Week in Review: Radiolab

      Friday Dialogue from Your Two                                                        Favorite Educators 

As Emily and Aubrey look back over the week they use their razor sharp wit to assess their innermost feelings about Radiolab, podcasts and Heathers. 

1.  Do you think that Aubrey has an NPR problem?

Emily: Yes, but it is a healthy problem to have.  It’s a lot better than being addicted to TMZ and Arby’s.  NPR is great, don’t get me wrong.  I do enjoy some programs (This American Life?  Hello..fantastic.  Wait, Wait…I wait all week for it).  But, let’s be honest, NPR is kind of like Heathers, minus the murder and Christian Slater.  It has a cult folllowing.  No one just likes NPR.  If they like it, they LOVE it.

Aubrey: First,  Christian Slater is all over NPR.  Second, so is murder.  Third, with a weekly audience to NPR stations at 34 million I’m not sure “cult” is the right word.  You mean a large group of enthusiastic and incredibly loyal followers.  Yes, I’m sure that’s what you mean.

2.  What value is there in having students “listen” to a radio program or podcast?


Emily:
 One obvious perk is that it allows them to see a perspective and a world beyond their own, something few students are able to have until college.Some students have such a hard time contextualizing issues and seeing the bigger picture because, to them, the world really is made up of whatever exists in their zipcode.  And that is partially our fault as teachers.  We have to show them what else is out there.

Aubrey: I agree.  Podcasts allow them to see an intersection between a variety of disciplines. That’s not something I can teach just with the sound of my voice.  It also pushes them out of the center and hopefully challenges them.  I also think that listening skills are hard for students.  It’s good practice.

3.  Describe your favorite text to teach because of its “words.”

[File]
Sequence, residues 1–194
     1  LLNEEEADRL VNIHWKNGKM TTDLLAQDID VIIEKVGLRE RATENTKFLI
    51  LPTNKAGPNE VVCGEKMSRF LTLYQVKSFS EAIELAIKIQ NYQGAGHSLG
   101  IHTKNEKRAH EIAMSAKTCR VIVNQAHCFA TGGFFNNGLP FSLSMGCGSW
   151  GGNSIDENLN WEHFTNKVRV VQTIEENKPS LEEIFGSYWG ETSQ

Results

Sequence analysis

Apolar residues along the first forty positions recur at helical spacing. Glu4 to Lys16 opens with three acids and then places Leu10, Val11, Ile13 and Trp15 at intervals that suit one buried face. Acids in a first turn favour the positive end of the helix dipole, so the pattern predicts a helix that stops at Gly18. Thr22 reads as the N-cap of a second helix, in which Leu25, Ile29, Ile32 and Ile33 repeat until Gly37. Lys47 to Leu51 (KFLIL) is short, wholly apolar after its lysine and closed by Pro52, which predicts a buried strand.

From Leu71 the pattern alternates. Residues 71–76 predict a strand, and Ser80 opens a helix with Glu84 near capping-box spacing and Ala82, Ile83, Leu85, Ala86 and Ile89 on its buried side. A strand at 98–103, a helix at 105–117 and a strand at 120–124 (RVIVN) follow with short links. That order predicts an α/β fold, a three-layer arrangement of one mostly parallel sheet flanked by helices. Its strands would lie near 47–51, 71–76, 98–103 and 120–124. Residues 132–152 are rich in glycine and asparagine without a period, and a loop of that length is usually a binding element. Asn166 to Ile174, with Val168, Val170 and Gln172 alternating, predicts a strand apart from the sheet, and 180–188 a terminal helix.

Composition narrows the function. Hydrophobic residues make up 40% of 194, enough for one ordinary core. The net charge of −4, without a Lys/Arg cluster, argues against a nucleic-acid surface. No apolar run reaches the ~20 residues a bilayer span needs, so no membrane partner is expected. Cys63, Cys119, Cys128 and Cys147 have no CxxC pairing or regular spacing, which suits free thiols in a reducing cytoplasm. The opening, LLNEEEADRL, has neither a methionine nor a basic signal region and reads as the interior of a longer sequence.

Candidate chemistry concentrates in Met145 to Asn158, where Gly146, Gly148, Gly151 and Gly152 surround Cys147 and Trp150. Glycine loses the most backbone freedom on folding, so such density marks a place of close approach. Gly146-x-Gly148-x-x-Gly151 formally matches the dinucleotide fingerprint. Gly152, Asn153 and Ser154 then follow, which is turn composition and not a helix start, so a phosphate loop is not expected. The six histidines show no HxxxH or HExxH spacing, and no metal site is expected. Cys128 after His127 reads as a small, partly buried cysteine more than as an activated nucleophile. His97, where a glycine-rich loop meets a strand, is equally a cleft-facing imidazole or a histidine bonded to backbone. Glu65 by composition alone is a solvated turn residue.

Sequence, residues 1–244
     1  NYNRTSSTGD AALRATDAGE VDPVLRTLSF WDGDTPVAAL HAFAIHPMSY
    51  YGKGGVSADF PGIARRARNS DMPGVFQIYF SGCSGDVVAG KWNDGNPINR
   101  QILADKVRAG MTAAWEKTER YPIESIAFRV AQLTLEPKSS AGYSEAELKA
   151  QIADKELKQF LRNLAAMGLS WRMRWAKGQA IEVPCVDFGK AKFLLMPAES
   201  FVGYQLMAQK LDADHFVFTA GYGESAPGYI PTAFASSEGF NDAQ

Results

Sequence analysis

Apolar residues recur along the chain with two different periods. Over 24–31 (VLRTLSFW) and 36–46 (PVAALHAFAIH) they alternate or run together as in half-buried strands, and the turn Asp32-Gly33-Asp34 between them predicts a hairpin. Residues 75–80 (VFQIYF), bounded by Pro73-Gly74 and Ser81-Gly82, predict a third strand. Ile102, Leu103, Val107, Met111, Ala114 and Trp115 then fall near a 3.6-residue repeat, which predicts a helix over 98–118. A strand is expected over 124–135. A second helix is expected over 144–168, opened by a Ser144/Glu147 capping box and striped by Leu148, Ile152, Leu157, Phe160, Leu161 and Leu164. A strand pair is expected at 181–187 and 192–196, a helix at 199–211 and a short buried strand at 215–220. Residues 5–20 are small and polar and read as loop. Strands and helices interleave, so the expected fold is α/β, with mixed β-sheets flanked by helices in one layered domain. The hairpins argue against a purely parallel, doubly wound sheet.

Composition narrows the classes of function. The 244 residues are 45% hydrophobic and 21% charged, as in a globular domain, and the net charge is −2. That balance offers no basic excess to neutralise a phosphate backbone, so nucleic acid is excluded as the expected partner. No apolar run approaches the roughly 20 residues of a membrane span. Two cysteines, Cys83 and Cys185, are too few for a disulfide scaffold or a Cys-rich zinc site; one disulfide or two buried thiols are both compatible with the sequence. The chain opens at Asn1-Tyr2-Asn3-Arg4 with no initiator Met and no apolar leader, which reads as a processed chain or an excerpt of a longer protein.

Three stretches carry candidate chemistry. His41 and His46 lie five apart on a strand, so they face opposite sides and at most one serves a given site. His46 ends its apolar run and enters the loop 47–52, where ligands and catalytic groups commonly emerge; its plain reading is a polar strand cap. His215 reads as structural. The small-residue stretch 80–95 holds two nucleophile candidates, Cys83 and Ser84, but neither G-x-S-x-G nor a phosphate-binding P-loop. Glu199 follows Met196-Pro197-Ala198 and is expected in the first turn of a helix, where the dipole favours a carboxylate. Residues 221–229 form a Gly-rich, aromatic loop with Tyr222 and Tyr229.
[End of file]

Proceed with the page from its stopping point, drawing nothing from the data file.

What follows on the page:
Emily:  I love the play on words in The Things They Carried.  I think Tim O’Brien does a really nice job of using “normal” words in an abnormal way.  His different functions for the word “carry” as so rich and appear throughout the book, not just once or twice.  For me, a skilled author is one who doesn’t just use nice language, but one who develops a pattern or a trend in the repetition of a word.

Aubrey: I have to agree The Things They Carried is a favorite. Anyone who can write about a girl named Mary Ann (hum the Gilligan’s Island theme song here) and in a number of pages go from a pink sweater and culottes to a necklace of human tongues is incredible.  I could linger over “Sweetheart of Song Tra Bong” for hours.

4.  Describe a moment wherein “words” failed you.

Emily: When I get really angry or upset I lose all sense of vocabulary.  I literally stop processing and of course say something stupid or inappropriate. Whenever I think of situations involving words failing me it usually involves me yelling at a student–something I rarely do.  Since it is rare I don’t have practice using the right words in the right way.  I always end up losing that battle!
Aubrey: See, I’m very good in a verbal battle.  Perhaps too good.  I tend to lose my words after reading.   Herzog by Saul Bellow and the first 50 pages, of Light in August by William Faulkner left me speechless.




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